Scientologist owned cruise ship quarantined for measles case heading to Curacao

Posted at 1:46 PM, May 03, 2019
and last updated 2019-05-03 15:46:00-04

CURACAO – Authorities in Curacao debated on Friday how to respond to a ship with 300 people aboard that is heading to the Dutch Caribbean island after being placed under quarantine in nearby St. Lucia because of a confirmed case of measles. The ship left St. Lucia late Thursday after spending two days under quarantine.

Authorities there said the ship’s doctor requested 100 vaccines after a female crew member was diagnosed with measles. It is unclear whether she remains in St. Lucia. Health officials did not immediately respond to a request for comment.

The 440-foot Freewinds ship is reportedly owned by the Church of Scientology. Church officials have not returned messages for comment. The ship is scheduled to arrive early Saturday in Curacao, where it is normally docked when not in use.

Curacao epidemiologist Dr. Izzy Gerstenbluth said the female crew member arrived April 17 in Curacao from Europe and visited a doctor April 22 for cold symptoms. A blood sample was taken and sent to nearby Aruba, where officials confirmed it was measles on April 29, a day after the ship had departed for St. Lucia. Curacao health officials then alerted authorities in St. Lucia.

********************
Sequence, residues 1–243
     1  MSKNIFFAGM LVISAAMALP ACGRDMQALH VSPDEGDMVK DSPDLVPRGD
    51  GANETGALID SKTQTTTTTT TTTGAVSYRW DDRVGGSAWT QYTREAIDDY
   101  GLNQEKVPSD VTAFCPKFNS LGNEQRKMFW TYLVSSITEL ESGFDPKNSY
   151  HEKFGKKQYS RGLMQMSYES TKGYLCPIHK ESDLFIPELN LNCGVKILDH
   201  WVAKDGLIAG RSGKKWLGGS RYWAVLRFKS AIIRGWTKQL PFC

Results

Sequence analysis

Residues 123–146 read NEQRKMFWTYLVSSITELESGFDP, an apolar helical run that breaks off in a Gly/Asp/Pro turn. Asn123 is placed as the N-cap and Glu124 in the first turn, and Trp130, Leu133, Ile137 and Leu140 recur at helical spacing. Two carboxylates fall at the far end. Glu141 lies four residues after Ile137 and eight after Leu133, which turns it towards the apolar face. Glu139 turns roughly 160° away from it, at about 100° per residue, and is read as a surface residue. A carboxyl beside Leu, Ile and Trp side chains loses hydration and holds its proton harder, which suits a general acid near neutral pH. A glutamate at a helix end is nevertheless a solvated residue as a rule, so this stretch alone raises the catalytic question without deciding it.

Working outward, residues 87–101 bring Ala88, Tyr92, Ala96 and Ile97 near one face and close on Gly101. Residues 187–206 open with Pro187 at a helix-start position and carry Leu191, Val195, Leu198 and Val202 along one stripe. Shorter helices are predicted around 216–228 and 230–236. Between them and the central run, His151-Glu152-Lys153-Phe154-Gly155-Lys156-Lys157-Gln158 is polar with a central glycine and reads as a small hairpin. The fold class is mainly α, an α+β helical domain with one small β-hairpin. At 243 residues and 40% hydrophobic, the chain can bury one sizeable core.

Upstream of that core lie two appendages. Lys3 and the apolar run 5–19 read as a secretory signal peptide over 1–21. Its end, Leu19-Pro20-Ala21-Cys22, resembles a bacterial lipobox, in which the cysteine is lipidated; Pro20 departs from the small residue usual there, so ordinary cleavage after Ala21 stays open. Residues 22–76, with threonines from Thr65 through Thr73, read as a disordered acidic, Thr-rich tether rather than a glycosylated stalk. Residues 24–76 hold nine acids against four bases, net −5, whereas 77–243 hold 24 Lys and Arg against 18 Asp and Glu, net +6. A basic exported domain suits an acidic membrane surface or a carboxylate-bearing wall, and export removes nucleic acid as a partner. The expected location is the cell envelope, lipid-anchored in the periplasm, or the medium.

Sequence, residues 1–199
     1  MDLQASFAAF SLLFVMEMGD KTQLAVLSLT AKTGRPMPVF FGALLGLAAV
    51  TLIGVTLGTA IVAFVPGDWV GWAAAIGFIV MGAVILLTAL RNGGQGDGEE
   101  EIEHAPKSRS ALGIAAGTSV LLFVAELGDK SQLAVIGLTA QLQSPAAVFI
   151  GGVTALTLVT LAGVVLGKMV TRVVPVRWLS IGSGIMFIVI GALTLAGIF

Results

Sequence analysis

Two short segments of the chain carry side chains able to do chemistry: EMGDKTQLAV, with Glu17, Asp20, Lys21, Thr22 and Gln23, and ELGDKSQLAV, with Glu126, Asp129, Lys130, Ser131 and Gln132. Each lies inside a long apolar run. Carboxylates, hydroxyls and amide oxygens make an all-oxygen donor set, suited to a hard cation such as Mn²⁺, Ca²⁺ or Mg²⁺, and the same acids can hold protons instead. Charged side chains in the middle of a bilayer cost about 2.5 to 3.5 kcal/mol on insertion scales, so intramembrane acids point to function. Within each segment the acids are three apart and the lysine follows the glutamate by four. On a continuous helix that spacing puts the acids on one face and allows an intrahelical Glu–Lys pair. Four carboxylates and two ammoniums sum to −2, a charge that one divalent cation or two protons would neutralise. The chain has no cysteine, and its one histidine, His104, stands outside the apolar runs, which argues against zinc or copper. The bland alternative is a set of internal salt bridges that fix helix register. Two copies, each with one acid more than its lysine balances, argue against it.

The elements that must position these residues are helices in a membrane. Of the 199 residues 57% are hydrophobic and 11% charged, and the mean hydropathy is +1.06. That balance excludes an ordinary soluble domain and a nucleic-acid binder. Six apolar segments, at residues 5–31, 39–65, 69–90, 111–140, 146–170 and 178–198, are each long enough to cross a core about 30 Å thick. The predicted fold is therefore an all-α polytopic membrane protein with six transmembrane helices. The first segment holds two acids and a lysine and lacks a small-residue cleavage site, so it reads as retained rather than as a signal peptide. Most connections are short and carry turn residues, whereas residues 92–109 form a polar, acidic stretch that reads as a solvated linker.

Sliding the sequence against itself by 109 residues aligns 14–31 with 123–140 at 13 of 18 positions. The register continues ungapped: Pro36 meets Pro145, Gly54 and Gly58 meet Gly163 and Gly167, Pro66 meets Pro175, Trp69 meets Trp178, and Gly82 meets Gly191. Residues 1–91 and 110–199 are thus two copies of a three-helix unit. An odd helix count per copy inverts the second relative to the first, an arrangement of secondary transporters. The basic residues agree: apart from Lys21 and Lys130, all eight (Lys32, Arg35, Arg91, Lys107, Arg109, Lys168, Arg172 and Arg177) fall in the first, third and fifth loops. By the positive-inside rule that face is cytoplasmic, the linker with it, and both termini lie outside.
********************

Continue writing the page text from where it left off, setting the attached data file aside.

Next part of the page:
It was unclear what the crew member was doing in Europe. Officials urged anyone who visited the ship from April 22-28 to get a medical checkup.

Measles is highly contagious and is spread through the air when an infected person coughs or sneezes. It is so contagious, in fact, that if one person has it, up to 90 percent of people near them who are not immune will also become infected.

Symptoms of measles include a high fever, runny nose, and a red-spotted rash. Most people recover, but measles can lead to serious complications including pneumonia, brain swelling and even death in some cases. “The disease can be particularly severe in young children who are not immunized,” Fredericks-James noted.

Measles has sickened more than 700 people in 22 U.S. states so far this year — the largest number of cases in 25 years. Federal officials saying the resurgence is largely driven by misinformation about vaccines; unvaccinated people are vulnerable to the spread of the virus when cases are brought back from overseas.

In Fullerton, California, hundreds of moviegoers at a showing of “Avengers: Endgame” were told they may have been exposed to measles last week by a woman who was infectious.